where is the best place to buy trail cameras

Best Trail Camera Deals – 2023

All good things must come to an end, including good deals on hunting gear, unfortunately.  Hunting Gear Deals provides daily deals on hunting gear from across the web and this will be a landing page for all of our trail camera deals.  This compilation of trail camera deals will be updated from time to time, but not daily.

For the most up-to-date information, subscribe to our Daily Deal Email.


Keep in mind that all good deals come to an end, so many of these deals may no longer be active.  However, if you’re in the market, this page will help you find a good deal on a trail camera.  Don’t give up if the first couple of links is no longer good deals.  Keep trying, because eventually, you’ll find what you’re looking for.  Have you ever tried rechargeable lithium batteries before, if not here’s our review of the Pale Blue Rechargeable Lithium AA Batteries.

Also, be sure to check out our trail camera reviews.


Disclaimer:  The prices listed below will fluctuate throughout the year!  The links provided will help you find the latest deals and the best way to ensure that you never miss a deal is to subscribe to the Daily Deal Email List!

Recommended Trail Camera Deals (Updated 1/5/23):

trail camera best night time photos

Recommending products can be tricky as everyone has their own budget and expectations when it comes to hunting gear.  However, the following trail cameras are where I’d personally spend my hard-earned money!  Some of these I’ve tested for myself and some were recommended by friends.  Just because they’re listed here doesn’t mean they’re the best camera on the market simply because no one can test every trail camera on the market.  Price ranges fluctuate because not everyone is willing to spend hundreds of dollars on hunting gear, but many of us are because we find better value in high-quality and dependable products.

Cheapest Trail Camera Deals (Updated 1/5/23):

best deal Cabela's Outfitter Gen 3 20MP No-Glow Game Camera

The best budget trail cameras!  These trail cameras offer the best low price point cameras currently available.  It doesn’t mean that these are cheaply made cameras, as many will get the job done for years to come.  They’re listed here because they’re the best value, on sale, and/or more affordable than most!  They make great burner cameras for public land as well!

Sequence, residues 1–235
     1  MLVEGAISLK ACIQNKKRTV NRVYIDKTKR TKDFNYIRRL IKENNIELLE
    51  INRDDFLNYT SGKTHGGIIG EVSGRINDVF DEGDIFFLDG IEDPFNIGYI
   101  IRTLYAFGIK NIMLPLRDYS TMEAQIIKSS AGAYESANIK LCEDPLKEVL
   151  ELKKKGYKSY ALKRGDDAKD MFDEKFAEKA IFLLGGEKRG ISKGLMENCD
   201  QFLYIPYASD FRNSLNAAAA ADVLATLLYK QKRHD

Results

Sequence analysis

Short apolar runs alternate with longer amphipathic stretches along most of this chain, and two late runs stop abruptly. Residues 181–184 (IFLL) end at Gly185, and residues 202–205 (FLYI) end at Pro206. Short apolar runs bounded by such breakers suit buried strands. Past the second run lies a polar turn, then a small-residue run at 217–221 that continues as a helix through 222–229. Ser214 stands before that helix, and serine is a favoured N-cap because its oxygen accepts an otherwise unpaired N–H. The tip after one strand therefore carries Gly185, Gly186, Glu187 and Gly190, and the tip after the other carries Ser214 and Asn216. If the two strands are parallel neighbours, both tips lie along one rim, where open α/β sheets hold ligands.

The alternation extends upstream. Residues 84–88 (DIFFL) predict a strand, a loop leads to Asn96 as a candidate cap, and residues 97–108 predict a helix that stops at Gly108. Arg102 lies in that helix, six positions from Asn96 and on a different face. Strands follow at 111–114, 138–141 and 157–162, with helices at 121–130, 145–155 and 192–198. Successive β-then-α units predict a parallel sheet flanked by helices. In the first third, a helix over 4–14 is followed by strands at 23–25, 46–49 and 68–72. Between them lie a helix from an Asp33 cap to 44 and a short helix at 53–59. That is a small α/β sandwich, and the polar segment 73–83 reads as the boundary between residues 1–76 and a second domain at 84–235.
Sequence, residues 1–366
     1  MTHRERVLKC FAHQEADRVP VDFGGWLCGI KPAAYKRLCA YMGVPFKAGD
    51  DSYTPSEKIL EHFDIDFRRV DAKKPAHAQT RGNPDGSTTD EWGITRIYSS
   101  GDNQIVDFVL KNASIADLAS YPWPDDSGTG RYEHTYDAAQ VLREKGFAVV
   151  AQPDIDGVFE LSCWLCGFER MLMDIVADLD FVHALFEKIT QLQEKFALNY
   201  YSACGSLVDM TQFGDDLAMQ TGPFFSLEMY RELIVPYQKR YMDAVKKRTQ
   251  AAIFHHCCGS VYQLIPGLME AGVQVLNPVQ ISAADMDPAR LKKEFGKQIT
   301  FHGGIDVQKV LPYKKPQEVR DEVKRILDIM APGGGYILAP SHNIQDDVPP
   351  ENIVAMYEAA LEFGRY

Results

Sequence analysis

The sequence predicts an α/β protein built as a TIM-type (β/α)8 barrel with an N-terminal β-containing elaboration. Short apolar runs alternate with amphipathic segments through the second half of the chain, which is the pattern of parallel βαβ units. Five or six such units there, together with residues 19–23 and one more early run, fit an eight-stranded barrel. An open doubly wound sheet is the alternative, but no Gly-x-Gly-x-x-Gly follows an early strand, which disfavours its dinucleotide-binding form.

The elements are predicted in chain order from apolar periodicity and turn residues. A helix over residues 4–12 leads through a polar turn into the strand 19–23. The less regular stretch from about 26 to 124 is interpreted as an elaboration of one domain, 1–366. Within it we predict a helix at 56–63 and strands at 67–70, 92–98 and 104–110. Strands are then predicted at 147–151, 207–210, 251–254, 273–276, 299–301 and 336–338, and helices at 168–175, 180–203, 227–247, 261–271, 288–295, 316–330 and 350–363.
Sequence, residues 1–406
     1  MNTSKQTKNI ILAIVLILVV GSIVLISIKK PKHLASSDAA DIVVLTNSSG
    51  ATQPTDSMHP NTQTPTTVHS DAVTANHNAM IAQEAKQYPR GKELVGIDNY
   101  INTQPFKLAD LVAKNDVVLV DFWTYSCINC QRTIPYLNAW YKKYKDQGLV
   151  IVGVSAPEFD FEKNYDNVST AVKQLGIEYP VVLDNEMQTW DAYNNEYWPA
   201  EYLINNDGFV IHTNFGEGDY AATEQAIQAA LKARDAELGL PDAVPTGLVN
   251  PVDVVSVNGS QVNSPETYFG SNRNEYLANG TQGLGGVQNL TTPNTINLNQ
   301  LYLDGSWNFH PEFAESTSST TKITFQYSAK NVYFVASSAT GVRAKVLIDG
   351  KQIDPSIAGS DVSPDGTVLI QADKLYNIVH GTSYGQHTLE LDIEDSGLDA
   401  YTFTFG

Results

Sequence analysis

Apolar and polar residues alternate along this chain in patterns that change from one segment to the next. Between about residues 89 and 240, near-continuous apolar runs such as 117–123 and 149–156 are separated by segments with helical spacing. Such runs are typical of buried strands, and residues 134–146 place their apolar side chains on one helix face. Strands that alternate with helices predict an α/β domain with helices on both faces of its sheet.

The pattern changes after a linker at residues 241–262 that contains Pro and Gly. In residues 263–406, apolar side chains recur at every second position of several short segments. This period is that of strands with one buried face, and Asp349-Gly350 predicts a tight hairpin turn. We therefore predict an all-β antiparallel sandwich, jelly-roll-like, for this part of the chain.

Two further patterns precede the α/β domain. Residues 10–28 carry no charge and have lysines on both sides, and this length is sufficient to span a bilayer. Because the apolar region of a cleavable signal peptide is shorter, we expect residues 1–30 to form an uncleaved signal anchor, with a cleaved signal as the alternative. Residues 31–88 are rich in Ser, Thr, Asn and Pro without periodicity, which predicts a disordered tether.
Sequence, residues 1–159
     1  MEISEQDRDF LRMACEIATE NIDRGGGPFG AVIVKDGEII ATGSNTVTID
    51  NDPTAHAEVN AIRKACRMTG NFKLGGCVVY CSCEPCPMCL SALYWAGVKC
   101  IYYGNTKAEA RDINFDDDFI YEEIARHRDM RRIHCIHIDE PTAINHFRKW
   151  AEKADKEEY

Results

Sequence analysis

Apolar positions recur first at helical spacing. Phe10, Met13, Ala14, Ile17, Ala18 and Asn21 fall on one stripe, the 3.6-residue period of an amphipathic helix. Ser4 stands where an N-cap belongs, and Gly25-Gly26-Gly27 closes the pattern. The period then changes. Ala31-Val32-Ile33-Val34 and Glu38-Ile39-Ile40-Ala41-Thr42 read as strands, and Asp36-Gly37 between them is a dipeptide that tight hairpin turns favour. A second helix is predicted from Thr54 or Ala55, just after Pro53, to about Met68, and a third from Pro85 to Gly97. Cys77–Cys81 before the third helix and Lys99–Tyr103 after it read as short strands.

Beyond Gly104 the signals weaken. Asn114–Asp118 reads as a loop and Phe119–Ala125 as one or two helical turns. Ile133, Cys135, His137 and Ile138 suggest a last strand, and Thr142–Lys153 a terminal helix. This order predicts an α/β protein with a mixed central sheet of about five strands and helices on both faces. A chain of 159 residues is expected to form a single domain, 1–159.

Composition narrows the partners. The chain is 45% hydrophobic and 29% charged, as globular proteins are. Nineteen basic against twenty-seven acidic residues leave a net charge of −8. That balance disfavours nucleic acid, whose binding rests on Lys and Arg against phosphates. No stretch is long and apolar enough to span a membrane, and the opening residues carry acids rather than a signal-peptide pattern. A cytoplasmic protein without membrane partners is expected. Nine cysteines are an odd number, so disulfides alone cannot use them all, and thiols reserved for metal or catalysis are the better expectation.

• Muddy Pro Cam 14 – Only $34.99
  • Bushnell Spot-On Low Glow Trail Cameras 18MP – 2 Pack – Only $69.99
  • Cabela’s Outfitter Gen 3 20MP No-Glow Game Camera Combo – Only $48.98

Trail Camera Deals Compilation by Brand (Updated 1/5/23)

best deal bushnell prime low glow trail camera

Bushnell

lone wolf trail camera sale

Lone Wolf Custom Gear

best deal moultrie cell cam

Moultrie

Most of which are all compatible with the Moultrie Mobile App.

best price on primos trail camera

Primos

Primos trail cameras are known for their ease of use.

in stock reveal x 2.0

Reveal by Tactacam

trail camera best night time photos

Spartan

cheap trail camera sale

Tasco

best cheap trail camera

Wildgame Innovations

Power Sources Best for Trail Cameras

Technology advances each and every year, including the advancement of solar panels.  Choosing a solar panel can be tricky because the voltage necessary for trail cameras can vary.  Be sure to follow the manufacturer’s recommendations to ensure you do not damage your expensive trail cameras.  Personally, I run Energizer Lithium AA Batteries in most of my trail cameras.  You can always pick up a typical alkaline battery but they won’t last as long as lithium batteries.  In order to use a solar panel, the camera must be equipped with an external power jack.  You could always buy some rechargeable batteries, which might be needed for those using a solar panel.  However, there are some trail cameras that have internal lithium batteries that are recharged with the use of solar panels.  In summary, you have plenty of options for power sources.

The Best SD Cards for Trail Cameras

This might be the most critical aspect of trail camera performance that you can control.  Buy a high-quality SD Card, such as SanDisk Extreme Pro 32 GB.  There are cheaper SD Cards but stick to the manufacturer’s recommendations for size and quality.  In fact, many trail cameras will not function without the correct SD card and many will malfunction unexpectedly.  Finally, don’t forget to format your SD cards before use.